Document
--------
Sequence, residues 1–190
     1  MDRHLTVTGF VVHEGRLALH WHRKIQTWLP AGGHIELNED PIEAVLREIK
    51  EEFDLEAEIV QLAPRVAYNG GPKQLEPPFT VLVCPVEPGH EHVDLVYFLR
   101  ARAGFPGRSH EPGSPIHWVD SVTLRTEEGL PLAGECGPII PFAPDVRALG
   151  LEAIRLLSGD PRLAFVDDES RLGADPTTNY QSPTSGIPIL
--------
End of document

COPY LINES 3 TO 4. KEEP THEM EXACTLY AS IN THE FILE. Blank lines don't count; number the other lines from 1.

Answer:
    51  EEFDLEAEIV QLAPRVAYNG GPKQLEPPFT VLVCPVEPGH EHVDLVYFLR
   101  ARAGFPGRSH EPGSPIHWVD SVTLRTEEGL PLAGECGPII PFAPDVRALG